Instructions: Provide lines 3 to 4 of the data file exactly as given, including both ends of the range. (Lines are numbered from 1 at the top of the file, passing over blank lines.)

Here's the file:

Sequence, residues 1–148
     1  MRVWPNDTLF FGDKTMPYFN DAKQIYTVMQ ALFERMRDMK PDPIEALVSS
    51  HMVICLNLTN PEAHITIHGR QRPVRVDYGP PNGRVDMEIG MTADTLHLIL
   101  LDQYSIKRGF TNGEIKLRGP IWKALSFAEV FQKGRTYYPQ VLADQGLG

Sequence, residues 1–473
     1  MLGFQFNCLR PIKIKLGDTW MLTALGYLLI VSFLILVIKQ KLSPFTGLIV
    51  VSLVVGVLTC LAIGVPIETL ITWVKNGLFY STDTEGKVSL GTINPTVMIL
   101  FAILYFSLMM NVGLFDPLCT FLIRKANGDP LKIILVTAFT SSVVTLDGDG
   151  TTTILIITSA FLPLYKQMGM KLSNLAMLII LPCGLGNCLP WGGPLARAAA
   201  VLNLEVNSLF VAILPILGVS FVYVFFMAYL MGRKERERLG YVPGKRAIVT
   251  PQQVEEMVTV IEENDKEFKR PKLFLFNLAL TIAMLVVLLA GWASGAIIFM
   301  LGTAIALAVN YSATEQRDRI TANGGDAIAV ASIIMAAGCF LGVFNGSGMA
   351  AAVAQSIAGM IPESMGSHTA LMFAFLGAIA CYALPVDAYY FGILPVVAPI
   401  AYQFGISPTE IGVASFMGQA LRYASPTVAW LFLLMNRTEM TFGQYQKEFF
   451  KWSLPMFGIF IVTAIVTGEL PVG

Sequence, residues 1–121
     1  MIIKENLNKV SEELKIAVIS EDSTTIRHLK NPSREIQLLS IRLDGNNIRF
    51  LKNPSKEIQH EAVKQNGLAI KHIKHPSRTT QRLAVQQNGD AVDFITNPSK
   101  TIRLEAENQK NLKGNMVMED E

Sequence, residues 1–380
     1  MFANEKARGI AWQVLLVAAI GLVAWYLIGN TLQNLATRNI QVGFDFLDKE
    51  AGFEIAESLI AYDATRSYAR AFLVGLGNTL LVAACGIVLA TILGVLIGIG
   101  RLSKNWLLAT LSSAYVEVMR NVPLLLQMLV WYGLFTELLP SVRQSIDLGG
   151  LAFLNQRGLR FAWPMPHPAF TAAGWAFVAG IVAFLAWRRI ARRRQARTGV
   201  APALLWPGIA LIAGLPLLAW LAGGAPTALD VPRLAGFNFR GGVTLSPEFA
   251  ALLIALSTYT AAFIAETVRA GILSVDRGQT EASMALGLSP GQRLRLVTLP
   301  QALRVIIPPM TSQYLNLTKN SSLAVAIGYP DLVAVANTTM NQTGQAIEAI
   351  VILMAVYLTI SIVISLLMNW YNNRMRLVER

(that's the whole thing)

    51  HMVICLNLTN PEAHITIHGR QRPVRVDYGP PNGRVDMEIG MTADTLHLIL
   101  LDQYSIKRGF TNGEIKLRGP IWKALSFAEV FQKGRTYYPQ VLADQGLG